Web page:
AoC 2021/3 - Aiming for reuse


On with Advent of Code puzzle 3 from 2021: aiming for reuse of code.

This day’s puzzle introduces another theme that we will encounter again during this year’s installment: the wall of text. There must be some trick that the fast people use to sift through all that text, but I honestly don’t know.

#!/usr/bin/env raku
use v6;

sub MAIN ($filename = $?FILE.subst(/\.raku$/, '.sample')) {
   my $inputs = get-inputs($filename);
   my ($part1, $part2) = solve($inputs);

   my $highlight = "\e[1;97;45m";
   my $reset     = "\e[0m";
   put "part1 $highlight$part1$reset";
   put "part2 $highlight$part2$reset";

sub get-inputs ($filename) {
   $filename.IO.basename.IO.lines».comb(/<[0 1]>/)».Array;
} ## end sub get_inputs ($filename = undef)

sub solve ($inputs) {
   return (part1($inputs), part2($inputs));

sub part1 ($inputs) {
   my @benchmarks = $inputs.elems / 2 xx $inputs[0].elems;
   my @sums = [Z+] @$inputs;
   my $epsilon = ((@sums Z< @benchmarks)».Int).join('');
   my $gamma = TR/01/10/ given $epsilon;
   return $epsilon.parse-base(2) * $gamma.parse-base(2);

sub part2 ($inputs) {
   my $result = 1;
   for 0, 1 -> $t {
      my @candidates = @$inputs;
      for 0 .. @candidates[0].end -> $bit {
         my @s; # array of arrays of arrays, top indexed by 0, 1
         @s[$_[$bit]].push: $_ for @candidates;
         @candidates = @(@s[0] <= @s[1] ?? @s[$t] !! @s[1 - $t]);
         if (@candidates.elems == 1) {
            $result *= @candidates[0].join('').parse-base(2);
            next TARGET;
   return $result;

The first part is about considering each bit from the inputs, in isolation to the other bits. To figure out whether there are more 0 or 1 values, it’s sufficient to sum them all and compare against the half of their number. This explains the @benchmarks.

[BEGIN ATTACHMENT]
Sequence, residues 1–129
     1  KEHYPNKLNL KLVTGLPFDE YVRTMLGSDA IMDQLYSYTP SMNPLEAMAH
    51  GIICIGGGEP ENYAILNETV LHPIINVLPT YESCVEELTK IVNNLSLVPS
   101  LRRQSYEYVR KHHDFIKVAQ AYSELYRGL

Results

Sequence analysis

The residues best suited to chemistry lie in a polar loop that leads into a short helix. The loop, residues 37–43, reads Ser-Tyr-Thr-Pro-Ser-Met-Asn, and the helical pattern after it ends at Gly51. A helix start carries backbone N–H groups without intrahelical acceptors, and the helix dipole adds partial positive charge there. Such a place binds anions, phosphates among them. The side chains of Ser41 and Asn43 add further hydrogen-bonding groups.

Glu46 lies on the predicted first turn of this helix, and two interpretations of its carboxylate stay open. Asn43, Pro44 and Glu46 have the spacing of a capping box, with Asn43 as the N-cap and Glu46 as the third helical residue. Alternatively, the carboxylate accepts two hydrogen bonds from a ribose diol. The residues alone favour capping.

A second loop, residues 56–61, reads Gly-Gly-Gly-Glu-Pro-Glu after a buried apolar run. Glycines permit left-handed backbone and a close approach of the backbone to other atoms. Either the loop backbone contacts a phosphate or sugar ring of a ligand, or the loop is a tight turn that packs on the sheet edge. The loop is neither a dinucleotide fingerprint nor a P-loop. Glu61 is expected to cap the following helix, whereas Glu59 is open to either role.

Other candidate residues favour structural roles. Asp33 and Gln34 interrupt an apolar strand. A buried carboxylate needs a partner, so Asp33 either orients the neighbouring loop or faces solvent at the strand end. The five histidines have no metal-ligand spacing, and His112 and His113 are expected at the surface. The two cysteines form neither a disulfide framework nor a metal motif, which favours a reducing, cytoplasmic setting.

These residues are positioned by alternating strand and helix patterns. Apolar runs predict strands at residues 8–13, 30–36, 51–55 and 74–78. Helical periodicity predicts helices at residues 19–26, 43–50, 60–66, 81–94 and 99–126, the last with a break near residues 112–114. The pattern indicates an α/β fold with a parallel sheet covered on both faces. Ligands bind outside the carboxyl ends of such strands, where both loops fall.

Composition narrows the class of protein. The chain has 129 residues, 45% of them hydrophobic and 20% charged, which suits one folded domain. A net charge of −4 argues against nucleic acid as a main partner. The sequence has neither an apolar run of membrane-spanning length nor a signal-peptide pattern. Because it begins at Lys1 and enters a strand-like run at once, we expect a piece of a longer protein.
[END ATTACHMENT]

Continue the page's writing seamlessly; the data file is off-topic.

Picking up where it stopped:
There’s a lot of showing off in this part 1, e.g. the hyper-application of the zipped version of the sum. A compact way to sum all the inputs bit by bit (assuming, as it is in this case, that all input sequences are stored as arrays of 0 and 1 values).

Calculating $epsilon is easy by comparing each bit position with the benchmark. Again, we leverage the Zip operator here, though not in its hyper form.

It’s interesting to note that $gamma is the bitwise complement of $epsilon, so this is how we calculate it.

Part 2 is a bit more… convoluted and I could not figure out how to show-off a few tricks. So there we go, with traditionally nested for loops as well as if conditions etc. etc. At each stage going ahead, we work on a different “vertical” slice like before, this time restricted to the the “survivors” in the previous pass.

So… this completes the 2021 edition of Advent of Code. Did you enjoy it? Complete it? Get crazy for it? Let me know!

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